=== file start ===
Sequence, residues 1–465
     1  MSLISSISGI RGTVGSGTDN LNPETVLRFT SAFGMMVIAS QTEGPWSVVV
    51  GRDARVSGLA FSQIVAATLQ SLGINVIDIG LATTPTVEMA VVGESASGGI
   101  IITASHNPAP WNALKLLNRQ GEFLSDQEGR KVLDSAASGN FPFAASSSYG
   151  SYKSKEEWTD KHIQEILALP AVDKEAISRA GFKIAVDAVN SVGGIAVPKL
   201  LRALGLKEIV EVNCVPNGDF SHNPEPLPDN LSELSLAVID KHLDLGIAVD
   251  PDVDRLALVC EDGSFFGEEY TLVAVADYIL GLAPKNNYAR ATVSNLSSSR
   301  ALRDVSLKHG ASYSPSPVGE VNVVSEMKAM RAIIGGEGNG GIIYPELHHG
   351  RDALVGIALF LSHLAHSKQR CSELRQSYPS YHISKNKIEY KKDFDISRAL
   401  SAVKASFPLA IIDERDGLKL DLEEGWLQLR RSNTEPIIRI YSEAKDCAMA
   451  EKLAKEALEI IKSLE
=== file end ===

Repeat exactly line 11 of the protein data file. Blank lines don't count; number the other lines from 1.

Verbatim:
   451  EKLAKEALEI IKSLE